Dijit widgets provide the ability to write custom setters and getters, whose logic is executed when calling the set and get methods. dijit/_WidgetBase also provides a _set method, which is very important when writing widgets, but can cause a bit of confusion due to its name.


The set method provides a public API for setting one or more properties on a widget instance.

// Set a single property "foo" to the value "bar"
myWidget.set("foo", "bar");

// Set multiple property values at once
    foo: "bar",
    baz: "qux"

Using the set method when updating widget properties is important, as it will in turn call any custom setter method defined for that property. Custom setter methods are defined following the pattern _setFooAttr, where “foo” is the name of the property:

declare(_WidgetBase, {
    foo: "",
    _setFooAttr: function (value) {
        // Perform custom logic, and update the foo property

Note that in addition to performing custom logic, the custom setter is typically also responsible for updating the corresponding property’s value — Dijit doesn’t do this automatically when a custom setter method is defined. This allows the custom setter to potentially transform the incoming value before updating the property.

Your first thought might be to simply update the value directly (e.g. this.foo = value;), but there is one major flaw to that approach. dijit/_WidgetBase inherits from dojo/Stateful, which also provides the watch method. However, it is incapable of notifying watchers of direct property updates. In other words, if we take this approach, watchers registered for this property will never fire!


In a pure dojo/Stateful instance, set is responsible for notifying watchers, but in the case of Dijit, as we’ve already seen, it is already responsible for delegating to our custom setter in the first place, so there needs to be a distinct API for notifying watchers. That’s where _set comes in.

As its underscore-prefixed name suggests, _set is an internal method intended to be used from within _WidgetBase extensions. Its purpose is quite simple – it updates the value of the indicated instance property, and also fires any watchers for that property.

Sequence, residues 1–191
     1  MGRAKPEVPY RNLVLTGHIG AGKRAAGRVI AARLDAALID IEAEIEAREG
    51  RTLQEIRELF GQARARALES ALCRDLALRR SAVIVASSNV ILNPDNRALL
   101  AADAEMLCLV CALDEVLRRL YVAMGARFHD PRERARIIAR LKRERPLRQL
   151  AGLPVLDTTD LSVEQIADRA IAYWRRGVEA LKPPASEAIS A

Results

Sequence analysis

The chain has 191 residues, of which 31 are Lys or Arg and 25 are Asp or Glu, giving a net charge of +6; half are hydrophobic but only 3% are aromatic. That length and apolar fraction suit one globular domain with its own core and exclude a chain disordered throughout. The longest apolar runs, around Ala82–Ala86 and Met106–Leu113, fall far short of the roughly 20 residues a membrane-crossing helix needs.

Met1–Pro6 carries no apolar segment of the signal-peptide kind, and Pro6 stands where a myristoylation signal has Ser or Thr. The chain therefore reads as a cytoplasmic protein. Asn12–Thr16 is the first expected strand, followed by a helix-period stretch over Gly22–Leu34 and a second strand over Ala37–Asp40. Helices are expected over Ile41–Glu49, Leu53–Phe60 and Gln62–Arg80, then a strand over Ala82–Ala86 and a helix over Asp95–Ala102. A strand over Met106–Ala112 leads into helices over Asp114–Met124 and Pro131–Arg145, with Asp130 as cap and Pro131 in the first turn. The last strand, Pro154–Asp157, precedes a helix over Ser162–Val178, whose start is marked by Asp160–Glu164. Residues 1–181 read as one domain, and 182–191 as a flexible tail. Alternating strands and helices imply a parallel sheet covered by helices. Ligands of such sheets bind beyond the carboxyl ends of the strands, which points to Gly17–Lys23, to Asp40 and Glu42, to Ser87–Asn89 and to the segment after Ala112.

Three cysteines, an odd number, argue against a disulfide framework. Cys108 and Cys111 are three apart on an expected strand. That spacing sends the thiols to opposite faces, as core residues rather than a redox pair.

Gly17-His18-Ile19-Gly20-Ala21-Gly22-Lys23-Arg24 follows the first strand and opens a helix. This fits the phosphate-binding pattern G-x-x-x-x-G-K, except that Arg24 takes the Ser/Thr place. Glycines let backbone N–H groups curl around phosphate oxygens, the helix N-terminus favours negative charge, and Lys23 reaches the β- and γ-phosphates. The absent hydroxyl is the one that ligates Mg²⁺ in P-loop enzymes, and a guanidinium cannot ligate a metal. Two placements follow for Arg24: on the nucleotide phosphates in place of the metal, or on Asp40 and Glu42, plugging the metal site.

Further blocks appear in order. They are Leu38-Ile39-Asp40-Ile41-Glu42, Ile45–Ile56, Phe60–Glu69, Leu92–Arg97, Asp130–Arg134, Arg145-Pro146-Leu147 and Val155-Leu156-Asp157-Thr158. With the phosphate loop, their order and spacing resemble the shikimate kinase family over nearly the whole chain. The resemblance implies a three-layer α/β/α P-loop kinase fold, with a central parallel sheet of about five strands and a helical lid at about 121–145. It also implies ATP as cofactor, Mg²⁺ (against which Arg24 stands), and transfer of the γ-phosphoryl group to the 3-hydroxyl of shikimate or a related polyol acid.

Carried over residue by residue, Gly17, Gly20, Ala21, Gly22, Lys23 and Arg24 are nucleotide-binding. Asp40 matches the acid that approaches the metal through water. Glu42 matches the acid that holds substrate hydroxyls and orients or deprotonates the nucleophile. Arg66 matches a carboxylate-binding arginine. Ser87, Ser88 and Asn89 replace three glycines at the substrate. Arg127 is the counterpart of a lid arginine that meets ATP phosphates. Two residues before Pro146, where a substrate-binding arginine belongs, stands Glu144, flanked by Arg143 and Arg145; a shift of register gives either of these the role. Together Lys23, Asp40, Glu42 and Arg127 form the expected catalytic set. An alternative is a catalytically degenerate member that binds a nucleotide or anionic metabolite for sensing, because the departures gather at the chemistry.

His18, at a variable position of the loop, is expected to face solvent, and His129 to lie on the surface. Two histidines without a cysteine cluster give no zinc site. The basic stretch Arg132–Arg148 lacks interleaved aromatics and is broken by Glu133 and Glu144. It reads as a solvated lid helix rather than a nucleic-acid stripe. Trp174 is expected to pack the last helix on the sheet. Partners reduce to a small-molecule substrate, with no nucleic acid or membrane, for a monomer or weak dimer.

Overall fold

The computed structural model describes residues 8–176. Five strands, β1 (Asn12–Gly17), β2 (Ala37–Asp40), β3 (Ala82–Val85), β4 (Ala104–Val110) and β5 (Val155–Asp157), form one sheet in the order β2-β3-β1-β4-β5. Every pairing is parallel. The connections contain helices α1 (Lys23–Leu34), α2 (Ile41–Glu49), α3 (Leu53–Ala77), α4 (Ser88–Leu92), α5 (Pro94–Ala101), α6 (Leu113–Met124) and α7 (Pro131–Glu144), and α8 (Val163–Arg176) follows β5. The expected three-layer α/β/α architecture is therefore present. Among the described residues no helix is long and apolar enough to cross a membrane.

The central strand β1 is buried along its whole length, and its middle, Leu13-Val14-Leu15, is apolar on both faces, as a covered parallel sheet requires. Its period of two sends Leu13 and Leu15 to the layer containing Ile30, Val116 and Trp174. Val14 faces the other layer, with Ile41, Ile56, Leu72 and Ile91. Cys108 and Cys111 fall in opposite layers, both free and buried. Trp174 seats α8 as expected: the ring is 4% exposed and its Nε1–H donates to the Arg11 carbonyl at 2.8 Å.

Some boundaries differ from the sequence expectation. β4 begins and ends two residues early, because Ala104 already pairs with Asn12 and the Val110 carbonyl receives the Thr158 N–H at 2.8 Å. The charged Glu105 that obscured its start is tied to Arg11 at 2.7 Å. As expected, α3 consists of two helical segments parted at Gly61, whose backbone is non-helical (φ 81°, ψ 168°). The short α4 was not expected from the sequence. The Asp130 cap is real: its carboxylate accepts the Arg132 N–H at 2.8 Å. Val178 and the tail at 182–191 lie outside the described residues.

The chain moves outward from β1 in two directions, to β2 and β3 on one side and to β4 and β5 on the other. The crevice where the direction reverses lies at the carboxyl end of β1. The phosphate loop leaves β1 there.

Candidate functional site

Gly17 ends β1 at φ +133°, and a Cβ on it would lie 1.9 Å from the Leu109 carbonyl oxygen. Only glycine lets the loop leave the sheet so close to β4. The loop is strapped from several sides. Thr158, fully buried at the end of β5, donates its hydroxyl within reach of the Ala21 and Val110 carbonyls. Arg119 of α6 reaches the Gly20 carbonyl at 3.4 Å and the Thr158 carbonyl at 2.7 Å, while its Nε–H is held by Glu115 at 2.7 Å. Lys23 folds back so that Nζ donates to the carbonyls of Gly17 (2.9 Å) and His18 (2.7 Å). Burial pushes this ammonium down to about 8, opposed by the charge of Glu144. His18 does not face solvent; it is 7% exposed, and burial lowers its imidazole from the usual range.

Thus, the correct way of properly updating a property within a custom setter is to call _set:

_setFooAttr: function (value) {
    // Perform custom logic...

    // ...and update the instance property
    this._set("foo", value);

Putting it all together

Here is an example featuring a widget with a custom setter for the foo property. We instantiate the widget and add a watcher so we can see how _set interacts with it.

], function (declare, _WidgetBase) {
    var MyWidget = declare(_WidgetBase, {
        foo: "",
        _setFooAttr: function (value) {
            console.log("Setting value of foo to " + value);
            this._set("foo", value);

    var widget = new MyWidget().placeAt(document.body);

    widget.watch("foo", function (property, oldValue, value) {
        console.log("Watcher for 'foo' fired, changing property value from " +
            oldValue + " to " + value);
    widget.set("foo", "bar");

Upon running this example, we will see the following console output:

"Setting value of foo to bar"
"Watcher for 'foo' fired, changing property value from  to bar"

If we had only performed this.foo = value in the setter instead, the second line would not appear, since the watcher would never fire.

In summary, _set is a crucial part of writing custom setters for widgets, while set is the public API responsible for firing these custom setters in the first place.